Allure of the Masters not lost on Nicklaus - Golf - Sport - The Independent

Allure of the Masters not lost on Nicklaus

A one-time snarling bear will add another piece to US Masters golfing history this week.

Jack Nicklaus, six-times winner of the Masters at Augusta and the renowned 'Golden Bear' in his playing lifetime, will prove the long held theory that the allure of Augusta finally catches up with all men.



In the years when he was rampaging around the great golf courses of the world en route to his extraordinary, record 19 major tournament wins, the very thought of getting caught up in sentiment and slush would have horrified Nicklaus. His focus was steely and fierce; there was no room in his bag for non-essential niceties around the world of golf. His pursuit of excellence and trophies knew no bounds; he was there to win, nothing else.



In those times, Nicklaus demonstrated a fierce will that few could ever match, certainly not on a consistent basis. But then, the great man was always his own man; he never needed or sought the back-slapping, the adulation or fuss. He'd win a tournament, smile politely at the prize ceremony and then slip away the moment his duties were done. Augusta was no different in that sense to anywhere else. Nicklaus never did melancholy.



When he was in his pomp, the idea of one day, when his fabulous playing career was long over, returning to Augusta as a 70 year-old and getting involved in the emotion of the place, would have been anathema to the man. For example, dating back to 1963, this unique tournament has always had honorary starters, great players from yesteryear invited back to hit the ceremonial first shot of the new tournament.



It was a link with past greats, men whose deeds were firmly etched into the minds and memories of generations not to mention the Augusta record books. Back in his playing days, the idea of such a role would have sent Jack Nicklaus running a mile.



He always returned for the traditional Champions dinner, held on the Tuesday night of Masters week in the clubhouse where the menu is chosen by the previous year's winner. No prizes for guessing that the signature dish of tonight's dinner is steak. What else would Angel Cabrera of Argentina choose for his main course?



At those dinners, the old Champions always wear their Masters green jackets. It is a special occasion and, like several other things around here, a unique Masters event.



But that apart, Nicklaus was seldom seen in recent years. He'd slip away on the morning after the dinner and return to his Florida home, or wherever business interests took him. Hanging around like some gaudy old bauble once again brought out to hang on the Christmas tree, even though it had long since lost its glitter, was never his style.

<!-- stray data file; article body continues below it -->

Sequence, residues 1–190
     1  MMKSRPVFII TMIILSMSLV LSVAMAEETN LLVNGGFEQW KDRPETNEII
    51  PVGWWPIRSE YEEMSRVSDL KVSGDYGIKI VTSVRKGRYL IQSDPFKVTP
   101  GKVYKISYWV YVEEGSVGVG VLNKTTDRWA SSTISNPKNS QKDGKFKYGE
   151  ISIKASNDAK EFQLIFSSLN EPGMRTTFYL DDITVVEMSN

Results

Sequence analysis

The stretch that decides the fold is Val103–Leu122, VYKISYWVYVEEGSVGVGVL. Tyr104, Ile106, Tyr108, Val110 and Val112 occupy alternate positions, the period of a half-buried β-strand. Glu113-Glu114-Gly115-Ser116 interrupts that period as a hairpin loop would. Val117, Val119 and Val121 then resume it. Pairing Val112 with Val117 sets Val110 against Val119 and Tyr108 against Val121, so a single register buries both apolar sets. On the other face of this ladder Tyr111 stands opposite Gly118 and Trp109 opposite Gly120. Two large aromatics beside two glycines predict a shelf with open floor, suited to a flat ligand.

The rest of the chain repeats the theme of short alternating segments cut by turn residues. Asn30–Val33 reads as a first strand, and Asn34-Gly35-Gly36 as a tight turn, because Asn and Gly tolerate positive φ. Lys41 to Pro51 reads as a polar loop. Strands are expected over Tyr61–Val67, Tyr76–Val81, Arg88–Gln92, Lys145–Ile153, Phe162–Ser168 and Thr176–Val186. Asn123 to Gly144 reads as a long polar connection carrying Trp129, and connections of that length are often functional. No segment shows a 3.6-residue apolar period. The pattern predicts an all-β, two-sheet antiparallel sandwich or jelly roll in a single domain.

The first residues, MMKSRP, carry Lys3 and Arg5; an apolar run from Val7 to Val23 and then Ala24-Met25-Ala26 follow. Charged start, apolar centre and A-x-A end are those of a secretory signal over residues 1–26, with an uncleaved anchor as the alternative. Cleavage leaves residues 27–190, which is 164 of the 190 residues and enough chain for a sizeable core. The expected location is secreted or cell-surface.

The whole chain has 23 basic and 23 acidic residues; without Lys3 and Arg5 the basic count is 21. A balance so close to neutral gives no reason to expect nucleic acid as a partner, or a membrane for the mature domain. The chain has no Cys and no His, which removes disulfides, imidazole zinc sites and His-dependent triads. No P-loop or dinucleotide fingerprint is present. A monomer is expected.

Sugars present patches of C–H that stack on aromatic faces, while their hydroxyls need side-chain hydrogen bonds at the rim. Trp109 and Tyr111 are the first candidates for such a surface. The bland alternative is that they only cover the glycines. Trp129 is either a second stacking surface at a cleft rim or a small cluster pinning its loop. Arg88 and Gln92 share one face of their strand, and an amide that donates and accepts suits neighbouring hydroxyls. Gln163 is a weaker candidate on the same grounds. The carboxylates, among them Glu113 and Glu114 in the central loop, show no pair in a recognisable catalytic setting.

Yet what else can we conclude now than at 70, the Augusta myth has seeped at last into the bones of the Golden Bear? On Thursday morning, Nicklaus will join his old playing adversary and friend Arnold Palmer for the traditional ceremonial start role. And they'll pack 'em in around that first tee at Augusta National just as they did in the glory years when the pair between them won a remarkable 10 Masters titles, six by Nicklaus and four by Palmer.



Between 1958 and 1966, the pair won seven of the nine Masters green jackets up for grabs. No other duo has ever dominated this fiendishly difficult tournament in the same way, before or since, not even the great Sam Snead and Ben Hogan in the late 1940s, early '50s.



Of course, the years have softened those legendary Nicklaus muscles, the roaring fire in those eyes has been dampened down somewhat. Today, Nicklaus accepts the sentiment that cloaks this place like a blanket, with equanimity.



"My attitude now... towards things like the ceremonial start role... is a lot different to a few years ago" he said. "Back then (in 2003-4, for example), I still had enough fire in my belly to think that I could still go play. But I know better than that now."



Nicklaus hasn't hit a golf ball around here since 2005, his farewell appearance. So he figures he's had time enough to smile benignly at some of the old Augusta ways and traditions that maybe as a kid he never quite got.



And Nicklaus believes the third member of that golden trio from his special era, two-time champion Gary Player, will assume the ceremonial starter's role before very long. Time will tell.

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